Annotation: Family involvement is essential to the successful development and adoption of health-related programs that affect families. Family engagement is now being measured across MCH systems and not just within programs for children with special health care needs (CSHCN). Family organizations serving families of CSHCN are already actively engaged in partnerships around how to promote family engagement in health care beyond CSHCN populations. This webinar was a panel presentation of three Family to Family Health Information Centers (F2Fs) and Family Voices State Affiliate Organizations (FV SAOs) highlighting examples and lessons learned from their successful partnerships and collaborations on Non-CSHCN initiatives. Speakers: Malia Corde of New Jersey's Statewide Parent Advocacy Network (SPAN) will highlight three projects, funded through the NJ Department of Health and NJ Department of Human Services, that focus on improving pregnancy outcomes and the prevention of birth defects and developmental disabilities. Amy Nienhuis of Family Connection in South Carolina will discuss elements of her organization's state contract with the South Carolina Department of Health and Environmental Control that reach beyond CSHCN populations. Jane St. John and Susan Bird of Missouri Family to Family will highlight an evolution of partnerships with stakeholders including Missouri's Early Childhood Comprehensive Systems and Maternal, Infant, and Early Childhood Home Visiting which have resulted in increased family involvement in several initiatives across the state.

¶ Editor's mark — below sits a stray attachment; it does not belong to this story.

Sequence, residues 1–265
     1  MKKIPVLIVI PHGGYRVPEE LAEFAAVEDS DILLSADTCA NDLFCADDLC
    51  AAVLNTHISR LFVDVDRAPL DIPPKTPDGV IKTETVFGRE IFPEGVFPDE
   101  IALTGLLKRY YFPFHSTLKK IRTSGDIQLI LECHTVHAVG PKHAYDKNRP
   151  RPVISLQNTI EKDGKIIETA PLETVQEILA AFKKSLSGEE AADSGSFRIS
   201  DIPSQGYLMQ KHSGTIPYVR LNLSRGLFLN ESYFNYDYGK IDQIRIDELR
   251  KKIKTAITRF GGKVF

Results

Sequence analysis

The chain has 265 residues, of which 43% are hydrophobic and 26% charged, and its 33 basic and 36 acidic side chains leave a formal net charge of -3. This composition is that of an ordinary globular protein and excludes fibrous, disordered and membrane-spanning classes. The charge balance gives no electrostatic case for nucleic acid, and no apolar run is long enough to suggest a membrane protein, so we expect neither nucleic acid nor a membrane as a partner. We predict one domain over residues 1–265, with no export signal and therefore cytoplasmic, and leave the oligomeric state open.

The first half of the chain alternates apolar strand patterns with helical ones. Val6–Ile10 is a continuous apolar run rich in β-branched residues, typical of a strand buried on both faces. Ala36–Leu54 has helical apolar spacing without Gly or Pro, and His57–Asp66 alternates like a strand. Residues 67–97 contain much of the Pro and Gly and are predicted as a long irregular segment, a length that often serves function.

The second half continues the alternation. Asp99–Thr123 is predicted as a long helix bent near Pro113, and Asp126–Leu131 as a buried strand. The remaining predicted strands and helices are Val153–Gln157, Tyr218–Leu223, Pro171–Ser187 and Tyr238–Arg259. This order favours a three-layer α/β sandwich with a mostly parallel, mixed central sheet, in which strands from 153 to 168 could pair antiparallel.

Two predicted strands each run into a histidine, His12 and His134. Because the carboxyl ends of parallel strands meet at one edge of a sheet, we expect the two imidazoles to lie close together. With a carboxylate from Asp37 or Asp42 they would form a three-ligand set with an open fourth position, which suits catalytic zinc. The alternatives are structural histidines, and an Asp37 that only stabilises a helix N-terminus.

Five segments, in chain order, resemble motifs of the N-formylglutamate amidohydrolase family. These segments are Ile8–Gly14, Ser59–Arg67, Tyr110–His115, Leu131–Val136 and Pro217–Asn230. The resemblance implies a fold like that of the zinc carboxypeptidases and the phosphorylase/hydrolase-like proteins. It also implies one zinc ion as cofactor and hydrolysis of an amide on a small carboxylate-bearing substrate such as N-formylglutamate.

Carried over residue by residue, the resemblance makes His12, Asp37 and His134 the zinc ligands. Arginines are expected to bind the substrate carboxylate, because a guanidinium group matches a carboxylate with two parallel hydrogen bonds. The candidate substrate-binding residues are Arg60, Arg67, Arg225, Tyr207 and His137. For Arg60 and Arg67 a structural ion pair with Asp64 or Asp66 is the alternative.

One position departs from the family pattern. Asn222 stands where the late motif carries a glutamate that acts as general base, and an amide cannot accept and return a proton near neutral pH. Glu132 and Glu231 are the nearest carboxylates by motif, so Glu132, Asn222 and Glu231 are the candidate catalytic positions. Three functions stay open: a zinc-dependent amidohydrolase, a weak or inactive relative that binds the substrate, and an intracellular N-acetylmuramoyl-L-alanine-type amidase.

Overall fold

Addressing Disparities and Disproportionality in Systems Serving Individuals with Intellectual and Developmental Disabilities. Year Developed: 2015. Source: National Center for Cultural Competence. Presenter(s): Diana Autin, Tawara D. Goode, Andy Imparato, Thomas Uno. Type: Webinar Archive. Level: Advanced. Length: 90 minutes.